Cloning RFID Chips Made by HID

Remember the Cisco fiasco from BlackHat 2005? Next in the stupid box is RFID-card manufacturer HID, who has prevented Chris Paget from presenting research on how to clone those cards.

Won’t these companies ever learn? HID won’t prevent the public from learning about the vulnerability, and they will end up looking like heavy handed goons. And it’s not even secret; Paget demonstrated the attack to me and others at the RSA Conference last month.

There’s a difference between a security flaw and information about a security flaw; HID needs to fix the first and not worry about the second. Full disclosure benefits us all.

EDITED TO ADD (2/28): The ACLU is presenting instead.

Posted on February 28, 2007 at 12:00 PM34 Comments


Stacy Bresler February 28, 2007 12:49 PM

Hear! Hear! I hope this same mentality doesn’t exist in the pharamcuetical industry. Can you imaging doctors hiding an extremely negative side-effect of a certain drug! Hide it from the public and they’ll never figure it out (right!).

anonymous cow ard February 28, 2007 1:01 PM

Using RFID for anything security-related is stupid. Even if the chip uses a cryptographically secure challenge-response protocol to prove identity, and if the secret held by the chip cannot be extracted, the system is still vulnerable to the MiG-in-the-middle attack(relay attack).

dimitris February 28, 2007 1:06 PM

HID access cards are in widespread use as building access controls. These systems keep access logs of “who” (which card) accessed which door at what time.

Could there be criminal cases where the access logs form an important part of the evidence?

HID may get away with bullying a small company at a conference. I wonder how they’d deal with a nice subpoena/discovery process…

dragonfrog February 28, 2007 1:07 PM

What I don’t get is how this is a patent issue. Isn’t the point of a patent, that it’s clear and in the open – patent, in other words. Patent protection is meant precisely to increase the amount of public knowledg, by giving sturdier legal protection to published inventions, than to trade secrets.

I mean, I can see if they thought the particular device he’d constructed infringed on their patents. But giving a presentation that basically just explains how these devices work, doesn’t seem to me like it could be a violation of patent. If the patents themselves are written, as they’re supposed to be, so that one skilled in the art could reproduce them, then anyone could go to the patent office and get a copy of any information HID is claiming is protected.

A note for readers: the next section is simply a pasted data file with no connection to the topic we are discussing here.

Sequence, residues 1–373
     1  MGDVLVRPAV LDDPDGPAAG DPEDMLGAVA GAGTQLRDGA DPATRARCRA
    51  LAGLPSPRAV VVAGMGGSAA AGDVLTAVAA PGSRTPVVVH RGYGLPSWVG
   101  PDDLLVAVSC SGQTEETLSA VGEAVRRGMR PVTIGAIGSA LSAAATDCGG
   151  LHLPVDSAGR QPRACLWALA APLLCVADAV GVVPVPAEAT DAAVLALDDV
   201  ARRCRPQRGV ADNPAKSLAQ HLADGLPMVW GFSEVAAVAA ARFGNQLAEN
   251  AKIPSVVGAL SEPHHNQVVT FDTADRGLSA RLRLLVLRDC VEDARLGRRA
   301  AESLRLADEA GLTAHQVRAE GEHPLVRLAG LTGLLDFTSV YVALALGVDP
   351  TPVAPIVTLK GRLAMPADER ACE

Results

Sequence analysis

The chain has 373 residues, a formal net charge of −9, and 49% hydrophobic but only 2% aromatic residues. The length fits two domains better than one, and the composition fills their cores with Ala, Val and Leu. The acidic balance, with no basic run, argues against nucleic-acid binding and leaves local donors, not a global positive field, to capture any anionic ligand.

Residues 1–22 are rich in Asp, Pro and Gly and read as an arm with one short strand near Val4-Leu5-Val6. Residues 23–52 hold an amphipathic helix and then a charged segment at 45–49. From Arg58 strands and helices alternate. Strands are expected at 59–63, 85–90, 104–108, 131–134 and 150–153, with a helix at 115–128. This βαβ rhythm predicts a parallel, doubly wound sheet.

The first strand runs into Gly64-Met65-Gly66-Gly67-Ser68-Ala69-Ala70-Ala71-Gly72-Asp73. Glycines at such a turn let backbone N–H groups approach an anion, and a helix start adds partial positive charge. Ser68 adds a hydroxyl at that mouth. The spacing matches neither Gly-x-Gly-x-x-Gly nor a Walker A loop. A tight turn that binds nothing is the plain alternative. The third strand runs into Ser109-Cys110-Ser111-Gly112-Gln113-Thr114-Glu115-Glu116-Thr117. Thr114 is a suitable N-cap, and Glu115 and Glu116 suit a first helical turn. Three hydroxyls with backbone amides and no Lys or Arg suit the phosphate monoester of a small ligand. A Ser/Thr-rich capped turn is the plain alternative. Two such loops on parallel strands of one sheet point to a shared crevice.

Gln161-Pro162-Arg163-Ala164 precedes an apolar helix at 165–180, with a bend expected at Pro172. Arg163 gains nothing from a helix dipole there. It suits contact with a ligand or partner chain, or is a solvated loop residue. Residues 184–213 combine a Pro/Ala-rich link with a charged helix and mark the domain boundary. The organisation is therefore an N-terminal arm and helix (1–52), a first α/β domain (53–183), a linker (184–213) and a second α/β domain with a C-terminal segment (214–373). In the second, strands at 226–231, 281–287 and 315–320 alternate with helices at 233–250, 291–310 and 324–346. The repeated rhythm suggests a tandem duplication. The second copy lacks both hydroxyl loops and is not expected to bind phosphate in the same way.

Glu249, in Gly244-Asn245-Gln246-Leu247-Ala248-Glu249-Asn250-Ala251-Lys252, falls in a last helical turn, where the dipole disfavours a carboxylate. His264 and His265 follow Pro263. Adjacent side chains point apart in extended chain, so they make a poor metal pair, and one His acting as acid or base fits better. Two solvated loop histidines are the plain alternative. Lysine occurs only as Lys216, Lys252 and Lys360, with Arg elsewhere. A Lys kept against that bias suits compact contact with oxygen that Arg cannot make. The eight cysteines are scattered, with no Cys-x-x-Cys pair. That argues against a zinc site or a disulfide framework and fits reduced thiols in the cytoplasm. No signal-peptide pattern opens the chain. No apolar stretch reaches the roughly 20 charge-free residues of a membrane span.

But of course IANAL…

Jim February 28, 2007 1:32 PM

We cherish innovation. People that question the consequences or future uses of it are doing what the rest are too lazy to do. It’s amazing, but there are people out there who say we don’t want to hear about it. Maybe they can write an RFID for Idiots or Dummies book and sneak it into the public that way.

avery February 28, 2007 2:10 PM

But if we don’t tell anyone that it’s a bad idea to place tripping hazards on the stairs and put extension cords under rugs then the bad guys won’t know to place tripping hazards on the stairs or put extension cords under rugs!

UNTER February 28, 2007 2:32 PM

Anyone with a Mac look carefully at the latest security patches? A whole bunch of them came out of the Month of Apple Bugs. Recall all the fear-mongering about these pernicious hackers having the audacity to openly disclose these bugs. Does anyone believe that Apple would have come out with the patches as quickly without public disclosure?

I remember that when 10.4 came out, they replaced cron with periodic. Periodic was buggy (badly, badly tested), but no bug fix came out for !4 months! We’re talking about crucial infrastructure for anyone doing more than using a laptop to read blogs. Yeah, I trust industry to do the right thing without a fire under their ass…

DV Henkel-Wallace February 28, 2007 2:42 PM

This is silly. You can use patented ideas for search. You can present research based on patented ideas. You can’t use patented info for commercial gain (which perhaps, as the presentation could have marketing value for IOactive themselves, might apply tenuously to the presentation). IOactive can’t sell such a device (or perhaps even plans for such a device) but unless they had ’em for sale, no big deal.

Of course pulling the preso is good marketing for IOactive, and potentially even for HID!

Bryan Feir February 28, 2007 2:49 PM